By Norman Sherman, Partner
Troyanos Group Executive Search & Consulting
What is it that makes one company different from another? Is it their new office? The quality of the products they manufacture? The level of customer satisfaction? All may be true, but most companies will point to their people and their culture as their competitive advantage and what makes them special. As such, hiring and retaining the best talent is critical to their continued success. So why is it that most companies do such a bad job of hiring the best people?
There are many reasons, but the one I’m going to focus on today is hiring by committee. How many times have you been asked to be part of an interview committee and the only background you’ve been given is the person’s resume and maybe the job title the person is interviewing for. If you’ve been given a job description it’s probably a laundry list of the 12 job responsibilities and the 10 experience requirements. No one has spent the appropriate time with you going through the critical job responsibilities, and what kind of person is likely to be successful…from an experience basis and a cultural perspective.
Given the lack of importance it seems your role is in this process, you probably spend precious little time preparing for the interview. I can’t begin to count the number of times people in this situation look at a candidate and ask “Now why am I seeing you? Oh, do you have a resume?” Imagine the message that gives to this prospective candidate…ostensibly one that the hiring manager is interested in and thinks can do the job.
But that’s only part of the problem. These interview committees are often 3 or 4 people, and sometimes as many as 7 or 8. And all of these people have received the same (miniscule) amount of input and direction.
So what happens? The hiring manager inevitably asks “So what did you think.” And generally the response is something like “Well I thought she was pretty good. Did some interesting things. But I’m concerned about the number of job changes. And she really didn’t seem energized about the role.” (Big surprise, when being interviewed by a person who was totally unprepared.) Time and again members of the interview committee tend to focus on the issues; the problems they identified. It’s almost as though they view their role as “Chief Problem Finder” and that’s how they can add value to the hiring decision.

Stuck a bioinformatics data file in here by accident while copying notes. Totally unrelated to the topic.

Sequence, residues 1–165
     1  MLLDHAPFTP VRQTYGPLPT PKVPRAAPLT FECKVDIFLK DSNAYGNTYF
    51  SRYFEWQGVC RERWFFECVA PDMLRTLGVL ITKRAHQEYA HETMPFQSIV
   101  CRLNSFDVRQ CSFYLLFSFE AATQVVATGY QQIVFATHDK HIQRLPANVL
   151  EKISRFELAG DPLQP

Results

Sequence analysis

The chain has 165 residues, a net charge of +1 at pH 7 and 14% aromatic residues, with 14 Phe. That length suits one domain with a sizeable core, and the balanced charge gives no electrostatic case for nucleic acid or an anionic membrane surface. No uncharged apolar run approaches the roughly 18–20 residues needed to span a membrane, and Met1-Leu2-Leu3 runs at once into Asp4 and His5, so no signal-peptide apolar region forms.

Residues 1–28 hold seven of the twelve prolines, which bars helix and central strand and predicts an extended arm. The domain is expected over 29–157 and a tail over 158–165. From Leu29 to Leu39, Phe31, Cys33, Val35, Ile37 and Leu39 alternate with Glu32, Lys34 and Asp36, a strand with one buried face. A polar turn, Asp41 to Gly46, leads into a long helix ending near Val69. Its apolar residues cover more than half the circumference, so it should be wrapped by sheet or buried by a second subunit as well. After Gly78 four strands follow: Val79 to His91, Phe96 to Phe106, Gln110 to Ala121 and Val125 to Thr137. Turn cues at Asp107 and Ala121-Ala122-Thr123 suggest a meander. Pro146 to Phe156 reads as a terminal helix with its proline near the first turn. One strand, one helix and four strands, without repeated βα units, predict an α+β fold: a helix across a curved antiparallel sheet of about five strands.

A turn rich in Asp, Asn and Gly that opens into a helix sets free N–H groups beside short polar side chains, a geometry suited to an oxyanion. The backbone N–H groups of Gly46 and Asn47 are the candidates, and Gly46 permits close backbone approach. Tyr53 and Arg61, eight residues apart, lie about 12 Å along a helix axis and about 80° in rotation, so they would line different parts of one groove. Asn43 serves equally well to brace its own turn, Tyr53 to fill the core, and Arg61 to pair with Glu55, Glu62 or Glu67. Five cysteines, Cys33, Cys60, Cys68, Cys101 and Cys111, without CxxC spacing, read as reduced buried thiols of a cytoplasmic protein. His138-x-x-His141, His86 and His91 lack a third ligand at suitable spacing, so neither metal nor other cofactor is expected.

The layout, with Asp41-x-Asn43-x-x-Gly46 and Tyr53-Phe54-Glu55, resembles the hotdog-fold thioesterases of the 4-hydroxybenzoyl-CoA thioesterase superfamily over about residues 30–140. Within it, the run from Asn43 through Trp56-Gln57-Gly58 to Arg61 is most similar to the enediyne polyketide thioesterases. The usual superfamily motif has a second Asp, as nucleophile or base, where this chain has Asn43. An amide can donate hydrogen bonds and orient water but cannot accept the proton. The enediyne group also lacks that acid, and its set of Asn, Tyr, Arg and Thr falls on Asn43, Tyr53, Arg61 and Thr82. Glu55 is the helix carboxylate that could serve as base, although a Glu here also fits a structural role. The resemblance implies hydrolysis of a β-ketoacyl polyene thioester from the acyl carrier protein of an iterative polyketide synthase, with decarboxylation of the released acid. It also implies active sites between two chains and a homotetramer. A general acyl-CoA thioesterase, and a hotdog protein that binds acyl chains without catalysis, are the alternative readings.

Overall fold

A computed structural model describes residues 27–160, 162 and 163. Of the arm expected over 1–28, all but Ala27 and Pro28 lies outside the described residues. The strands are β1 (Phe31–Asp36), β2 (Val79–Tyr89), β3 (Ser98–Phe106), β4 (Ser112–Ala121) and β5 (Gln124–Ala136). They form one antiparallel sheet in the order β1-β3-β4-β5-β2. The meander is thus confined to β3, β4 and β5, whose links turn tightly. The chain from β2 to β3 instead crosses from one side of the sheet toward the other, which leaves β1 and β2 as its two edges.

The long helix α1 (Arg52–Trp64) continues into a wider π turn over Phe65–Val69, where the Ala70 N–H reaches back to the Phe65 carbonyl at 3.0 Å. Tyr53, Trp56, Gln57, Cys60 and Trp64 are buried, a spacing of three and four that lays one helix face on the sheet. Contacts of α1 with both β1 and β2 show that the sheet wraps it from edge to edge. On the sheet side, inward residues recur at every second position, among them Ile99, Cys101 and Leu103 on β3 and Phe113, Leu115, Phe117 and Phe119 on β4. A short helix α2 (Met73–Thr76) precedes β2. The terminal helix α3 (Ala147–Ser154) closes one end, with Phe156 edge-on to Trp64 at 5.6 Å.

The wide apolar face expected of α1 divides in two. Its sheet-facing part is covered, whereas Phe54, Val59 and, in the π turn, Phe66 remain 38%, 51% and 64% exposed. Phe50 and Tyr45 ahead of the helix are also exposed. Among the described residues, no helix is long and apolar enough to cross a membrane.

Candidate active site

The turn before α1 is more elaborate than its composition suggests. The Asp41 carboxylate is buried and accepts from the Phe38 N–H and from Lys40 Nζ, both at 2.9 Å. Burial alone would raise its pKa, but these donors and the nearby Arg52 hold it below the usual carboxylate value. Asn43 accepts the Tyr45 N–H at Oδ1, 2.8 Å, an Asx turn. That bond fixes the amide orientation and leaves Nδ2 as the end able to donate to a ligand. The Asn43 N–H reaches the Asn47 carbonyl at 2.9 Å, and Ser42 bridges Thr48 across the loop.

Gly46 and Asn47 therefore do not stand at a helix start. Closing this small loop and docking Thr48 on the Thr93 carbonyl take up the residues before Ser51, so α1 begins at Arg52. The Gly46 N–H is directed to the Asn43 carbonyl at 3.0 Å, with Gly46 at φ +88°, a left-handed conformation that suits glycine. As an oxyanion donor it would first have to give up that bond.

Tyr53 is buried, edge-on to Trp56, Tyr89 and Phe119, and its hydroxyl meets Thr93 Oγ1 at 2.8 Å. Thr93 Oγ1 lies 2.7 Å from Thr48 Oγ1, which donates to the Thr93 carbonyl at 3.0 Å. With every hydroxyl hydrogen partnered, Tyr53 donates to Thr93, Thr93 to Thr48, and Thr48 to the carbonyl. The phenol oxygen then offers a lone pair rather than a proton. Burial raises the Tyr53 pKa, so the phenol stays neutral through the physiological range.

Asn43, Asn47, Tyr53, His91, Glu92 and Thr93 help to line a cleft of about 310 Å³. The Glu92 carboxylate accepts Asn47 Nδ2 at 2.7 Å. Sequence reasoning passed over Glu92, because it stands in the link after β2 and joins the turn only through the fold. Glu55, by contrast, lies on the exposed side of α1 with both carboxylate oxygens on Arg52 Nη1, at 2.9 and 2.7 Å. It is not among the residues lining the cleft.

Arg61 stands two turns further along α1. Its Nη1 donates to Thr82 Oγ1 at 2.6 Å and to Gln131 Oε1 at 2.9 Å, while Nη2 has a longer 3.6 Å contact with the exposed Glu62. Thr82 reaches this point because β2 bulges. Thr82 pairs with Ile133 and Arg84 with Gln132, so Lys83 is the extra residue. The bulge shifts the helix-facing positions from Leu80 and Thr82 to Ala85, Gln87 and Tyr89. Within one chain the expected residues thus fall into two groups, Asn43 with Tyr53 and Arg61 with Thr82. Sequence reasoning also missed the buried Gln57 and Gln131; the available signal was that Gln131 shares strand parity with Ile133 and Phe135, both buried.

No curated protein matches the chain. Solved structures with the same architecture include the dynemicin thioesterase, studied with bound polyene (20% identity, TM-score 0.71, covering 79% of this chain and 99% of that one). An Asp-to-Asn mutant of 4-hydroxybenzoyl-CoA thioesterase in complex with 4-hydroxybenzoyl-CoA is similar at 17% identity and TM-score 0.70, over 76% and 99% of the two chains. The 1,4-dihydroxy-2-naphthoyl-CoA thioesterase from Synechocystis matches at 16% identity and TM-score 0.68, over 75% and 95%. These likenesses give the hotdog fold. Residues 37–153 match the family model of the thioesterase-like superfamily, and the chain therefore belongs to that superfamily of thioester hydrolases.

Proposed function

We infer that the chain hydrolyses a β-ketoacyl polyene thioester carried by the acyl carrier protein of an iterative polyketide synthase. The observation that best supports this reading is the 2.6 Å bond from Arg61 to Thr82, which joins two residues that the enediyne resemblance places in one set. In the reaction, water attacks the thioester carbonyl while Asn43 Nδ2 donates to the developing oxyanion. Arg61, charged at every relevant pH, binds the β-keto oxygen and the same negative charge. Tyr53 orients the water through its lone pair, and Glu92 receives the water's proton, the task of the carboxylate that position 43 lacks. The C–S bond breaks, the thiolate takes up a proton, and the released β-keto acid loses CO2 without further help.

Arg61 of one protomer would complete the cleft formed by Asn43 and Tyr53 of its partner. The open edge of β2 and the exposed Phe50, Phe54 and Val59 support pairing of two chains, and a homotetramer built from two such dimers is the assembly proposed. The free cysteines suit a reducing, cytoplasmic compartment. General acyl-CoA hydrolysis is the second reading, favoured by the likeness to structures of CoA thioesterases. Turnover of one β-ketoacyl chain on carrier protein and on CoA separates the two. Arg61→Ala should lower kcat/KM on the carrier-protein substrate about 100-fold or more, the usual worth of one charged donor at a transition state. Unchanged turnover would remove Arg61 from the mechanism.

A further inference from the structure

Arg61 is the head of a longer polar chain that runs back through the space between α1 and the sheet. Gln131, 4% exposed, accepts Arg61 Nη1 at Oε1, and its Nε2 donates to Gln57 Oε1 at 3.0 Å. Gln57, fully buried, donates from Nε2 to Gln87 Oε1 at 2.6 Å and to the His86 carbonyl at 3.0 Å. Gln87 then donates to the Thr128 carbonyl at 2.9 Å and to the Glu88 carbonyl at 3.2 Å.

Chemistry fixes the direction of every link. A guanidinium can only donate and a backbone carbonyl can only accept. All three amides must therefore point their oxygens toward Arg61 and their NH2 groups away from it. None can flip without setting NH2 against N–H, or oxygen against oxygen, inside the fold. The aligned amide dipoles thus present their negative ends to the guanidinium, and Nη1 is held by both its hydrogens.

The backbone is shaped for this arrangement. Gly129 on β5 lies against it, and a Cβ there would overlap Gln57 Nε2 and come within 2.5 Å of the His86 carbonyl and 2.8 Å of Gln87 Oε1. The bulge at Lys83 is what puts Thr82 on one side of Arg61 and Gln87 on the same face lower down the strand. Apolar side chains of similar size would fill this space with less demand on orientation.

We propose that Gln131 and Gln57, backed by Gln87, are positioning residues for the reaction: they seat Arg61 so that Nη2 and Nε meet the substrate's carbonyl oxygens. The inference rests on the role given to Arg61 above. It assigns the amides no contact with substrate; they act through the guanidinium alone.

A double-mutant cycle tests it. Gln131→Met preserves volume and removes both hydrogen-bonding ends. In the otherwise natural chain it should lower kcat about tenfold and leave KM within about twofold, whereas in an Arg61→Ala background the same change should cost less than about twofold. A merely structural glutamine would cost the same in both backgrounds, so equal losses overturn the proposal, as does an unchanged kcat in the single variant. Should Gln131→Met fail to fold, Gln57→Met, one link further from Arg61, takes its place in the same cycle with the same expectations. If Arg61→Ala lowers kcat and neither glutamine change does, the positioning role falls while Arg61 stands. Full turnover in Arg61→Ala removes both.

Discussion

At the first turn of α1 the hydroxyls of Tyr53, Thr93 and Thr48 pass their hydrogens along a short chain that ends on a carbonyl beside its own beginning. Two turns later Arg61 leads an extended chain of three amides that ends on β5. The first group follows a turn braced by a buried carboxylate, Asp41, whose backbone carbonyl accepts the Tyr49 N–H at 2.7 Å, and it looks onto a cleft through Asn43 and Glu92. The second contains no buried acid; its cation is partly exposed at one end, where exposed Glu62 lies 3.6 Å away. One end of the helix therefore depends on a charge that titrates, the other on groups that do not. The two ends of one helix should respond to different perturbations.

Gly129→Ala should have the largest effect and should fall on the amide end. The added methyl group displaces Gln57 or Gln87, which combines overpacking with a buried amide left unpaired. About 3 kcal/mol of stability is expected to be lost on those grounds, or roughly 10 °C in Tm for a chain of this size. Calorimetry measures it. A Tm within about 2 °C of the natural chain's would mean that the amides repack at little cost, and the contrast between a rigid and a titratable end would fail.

And what’s worse is trying to get all members of the interview committee to agree on any one candidate. Good luck when they see their role as “Chief Problem Finder.” And so it goes. The hiring manager is looking for consensus and rarely gets it. And in those situations where consensus is reached it’s often because the candidate wasn’t objectionable; nothing really negative stands out. Oh by the way, candidates like this are rarely rock stars. Because if they were you can almost guarantee that something about them would have created a question or a discomfort in the mind of someone in the interview committee. So, what do you wind up with?…a non-offensive mediocre candidate.
So what’s the solution? Interview committees are fine if the hiring manager isn’t looking for consensus, but rather is looking for specific input to help him/her decide on a candidate. That hiring manager should: 1) formulate a clear vision for the position in question; 2) make sure the interview committee understands the key skill sets required; and 3) give each member of the interview committee a separate area you’d like them to pressure test. You’re not asking if they would hire this individual. You’re not asking if they found any problems. You’re asking for their assessment of the individual on the specific area against which you wanted them to vet the candidate.
The hiring manager then gets all the input that he/she was looking for. And it is now up to that individual to make the hiring decision. No looking for consensus. No looking for candidates that don’t have any issues (By the way, we all do.) But rather demonstrating strong leadership skills in getting the requisite input and owning the decision for better or worse.
I can guarantee that if your company implements this approach you will do a much better job of evaluating prospective candidates. The hiring manager will own the decision on who to hire and will be more invested in that person’s success. And the quality of the talent you attract to the company will rise. Give it a try, and you actually may find that your people really are your competitive advantage.
Norman Sherman is a partner in The Troyanos Group Ltd., an executive search and consulting firm focused in the marketing, advertising and communications space. Prior to entering the executive search field Norm held a variety of senior management roles at several prestigious advertising and marketing service firms. He was Managing Director of the New York office of D’Arcy Masius Benton & Bowles, ran their Canadian operations, and was responsible for management of all global Procter & Gamble healthcare businesses. He was Executive Vice President at Hill Holliday, where he created and built a freestanding healthcare communications group.
Norm can be reached at email@example.com and 914-479-1802